Added bonus? Most major metropolitan areas tend to come with the bonus of a bus or train system tailored for an easy commute into the city. And, living in the city’s outliers’ means escaping from the claustrophobia of an urban sprawl.
Affordable Living in Expensive Cities: Smart Traveling
So, you’ve decided on the type of residence that best fits your lifestyle. Now it’s time to factor in other large expenditures. If you really want to save, don’t bring a car.
Unfortunately, the tradeoff for living in metropolises such as Dallas-Fort Worth often means hour-long commutes thanks to such a vast spans. Living in a place such as Chicago, you don’t need a car to get from place to place.
If you do live in cities where owning a car is unavoidable, carpool when you can. Research the public parking laws to avoid tickets and fines. Get to know the bus and train routes. Most large cities have an efficient public transportation network. They also have price deals designed for commuters.
Weather permitting, try riding your bike. There are plenty of transit navigation apps that can map out your easiest commute. Plus, you’ll add extra money in the bank while shedding a few pounds off of your waistline.
Try using taxis as a last-minute resort. Even ride-share apps, such as Uber or Lyft costs can add up. If in a crunch, they are a great resource. Unless you like Pina Coladas, and getting caught in the rain – which, let’s be honest, who actually likes these two things?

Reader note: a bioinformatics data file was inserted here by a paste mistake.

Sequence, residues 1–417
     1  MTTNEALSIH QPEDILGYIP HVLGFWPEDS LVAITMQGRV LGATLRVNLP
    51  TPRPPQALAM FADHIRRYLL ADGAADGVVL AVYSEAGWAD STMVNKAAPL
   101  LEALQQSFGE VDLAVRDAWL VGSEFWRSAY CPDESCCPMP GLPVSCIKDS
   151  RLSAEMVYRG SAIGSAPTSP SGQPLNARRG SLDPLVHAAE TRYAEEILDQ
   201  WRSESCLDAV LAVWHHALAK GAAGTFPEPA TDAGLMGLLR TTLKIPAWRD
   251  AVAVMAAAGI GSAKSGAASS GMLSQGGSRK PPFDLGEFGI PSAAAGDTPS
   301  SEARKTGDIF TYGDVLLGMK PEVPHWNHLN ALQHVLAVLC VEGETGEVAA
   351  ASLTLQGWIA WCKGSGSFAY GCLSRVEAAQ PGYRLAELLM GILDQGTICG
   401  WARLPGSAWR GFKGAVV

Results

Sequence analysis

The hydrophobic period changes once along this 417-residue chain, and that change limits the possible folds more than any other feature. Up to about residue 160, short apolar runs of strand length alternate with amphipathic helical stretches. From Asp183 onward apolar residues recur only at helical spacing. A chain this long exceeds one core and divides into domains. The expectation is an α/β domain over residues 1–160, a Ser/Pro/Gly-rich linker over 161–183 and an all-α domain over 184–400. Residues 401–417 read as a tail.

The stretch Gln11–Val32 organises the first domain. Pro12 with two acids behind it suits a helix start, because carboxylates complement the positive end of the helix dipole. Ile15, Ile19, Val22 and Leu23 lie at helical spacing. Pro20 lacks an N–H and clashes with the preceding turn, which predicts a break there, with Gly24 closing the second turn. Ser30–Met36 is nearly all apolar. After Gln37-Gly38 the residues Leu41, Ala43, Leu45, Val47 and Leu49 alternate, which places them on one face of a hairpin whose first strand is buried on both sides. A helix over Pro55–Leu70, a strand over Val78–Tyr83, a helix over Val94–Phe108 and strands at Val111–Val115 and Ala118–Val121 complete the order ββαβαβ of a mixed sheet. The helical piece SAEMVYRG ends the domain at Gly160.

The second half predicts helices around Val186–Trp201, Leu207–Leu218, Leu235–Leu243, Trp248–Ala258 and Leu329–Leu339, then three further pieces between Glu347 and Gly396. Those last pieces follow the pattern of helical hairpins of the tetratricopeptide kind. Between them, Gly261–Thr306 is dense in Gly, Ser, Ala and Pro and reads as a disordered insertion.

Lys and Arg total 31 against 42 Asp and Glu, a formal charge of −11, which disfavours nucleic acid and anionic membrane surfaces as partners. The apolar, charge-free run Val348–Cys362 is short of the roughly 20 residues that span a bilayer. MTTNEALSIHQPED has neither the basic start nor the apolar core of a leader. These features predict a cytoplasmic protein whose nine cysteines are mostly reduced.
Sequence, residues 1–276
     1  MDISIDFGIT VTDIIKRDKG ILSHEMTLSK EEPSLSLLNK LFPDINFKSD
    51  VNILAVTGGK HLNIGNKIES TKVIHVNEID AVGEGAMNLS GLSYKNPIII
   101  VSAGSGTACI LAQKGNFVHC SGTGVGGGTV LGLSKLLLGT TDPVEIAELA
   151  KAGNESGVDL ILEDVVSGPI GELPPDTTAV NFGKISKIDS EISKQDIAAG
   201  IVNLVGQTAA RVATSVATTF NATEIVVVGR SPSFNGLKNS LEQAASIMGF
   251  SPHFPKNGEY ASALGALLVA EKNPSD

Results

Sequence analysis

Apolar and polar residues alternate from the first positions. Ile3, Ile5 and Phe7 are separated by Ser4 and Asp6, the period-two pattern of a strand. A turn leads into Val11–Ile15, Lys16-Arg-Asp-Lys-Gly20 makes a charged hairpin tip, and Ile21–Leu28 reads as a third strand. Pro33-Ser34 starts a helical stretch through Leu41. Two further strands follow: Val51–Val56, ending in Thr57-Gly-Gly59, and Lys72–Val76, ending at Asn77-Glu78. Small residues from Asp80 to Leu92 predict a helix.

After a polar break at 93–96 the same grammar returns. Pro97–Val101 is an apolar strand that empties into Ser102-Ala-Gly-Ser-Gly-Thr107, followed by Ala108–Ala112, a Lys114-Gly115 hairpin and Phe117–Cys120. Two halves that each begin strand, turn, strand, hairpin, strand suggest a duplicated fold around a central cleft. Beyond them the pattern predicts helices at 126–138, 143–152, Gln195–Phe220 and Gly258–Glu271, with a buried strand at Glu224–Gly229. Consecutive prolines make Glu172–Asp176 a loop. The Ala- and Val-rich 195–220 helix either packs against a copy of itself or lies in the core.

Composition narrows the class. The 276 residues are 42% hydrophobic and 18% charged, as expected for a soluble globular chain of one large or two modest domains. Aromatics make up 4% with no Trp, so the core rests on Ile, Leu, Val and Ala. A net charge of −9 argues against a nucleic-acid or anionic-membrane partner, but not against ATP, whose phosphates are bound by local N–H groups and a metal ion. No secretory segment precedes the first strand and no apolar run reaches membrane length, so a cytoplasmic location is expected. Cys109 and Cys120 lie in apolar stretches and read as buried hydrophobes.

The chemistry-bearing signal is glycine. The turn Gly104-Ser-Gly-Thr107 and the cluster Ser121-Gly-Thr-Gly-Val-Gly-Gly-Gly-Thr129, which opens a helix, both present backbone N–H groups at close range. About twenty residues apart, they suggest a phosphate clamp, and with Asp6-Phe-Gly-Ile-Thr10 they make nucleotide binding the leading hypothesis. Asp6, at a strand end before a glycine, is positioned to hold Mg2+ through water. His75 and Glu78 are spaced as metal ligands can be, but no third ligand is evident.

Affordable Living in Expensive Cities: Lifestyle Budgeting
Unless you are making millions, living in an expensive city means adherence to a strict budget. These metro areas will stretch your dollar more than you’d expect. So how do you efficiently accomplish this without sacrificing you and your family’s quality of life?
Be proactive about daily spending. Big cities come with the added bonus of an abundance of shopping opportunities. With that, it’s easy to lose track of expenditures. Record what you spend. Once you’ve got a good feel about monthly expenditures, figure out what extraneous expenditures you can cut. An impulse buy could mean sacrificing dinner.
Most urbanized cities contain multiple cultures offering a diversity of food. Plan meals, whether eating out or prepping for the work week. Don’t get stuck in a rut where your only food option is an expensive restaurant down the street. Take-out adds up. Instead, carry snacks and water and know where you’re going ahead of time.
Look for fun, free attractions. The benefit of a big city is the plethora of options for family-fun activities. From summer concerts in the park to art gallery openings, film screenings and food-tasting events, most metros come with plenty of free entertainment ideas. The only downfall is you have to be OK with crowds.
You’ve got free reign to get creative. Enjoy, just be sensible.
Affordable Living in Expensive Cities: Making it Work
When I moved to Dallas, my family warned me more than once: “It’s so expensive!”
I’m here to admit for the first time: mom, you were right. Still, sometimes it takes a real-life experience for these situations to come to fruition. Just don’t be like me and skimp on life’s necessities, such as food and running water. Be conscious. From rent to groceries, you’ll need to find ways to cut down on your expenses.
Big cities come with the opportunity to enhance your cultural road map. The biggest value you can bring into the experience is an open mind. Yes, you can stick to a budget. And, no, you can’t have a luxurious lifestyle without a minimum six-figure income. Do you have any suggestions on how to afford living in an expensive city? Feel free to leave a comment below!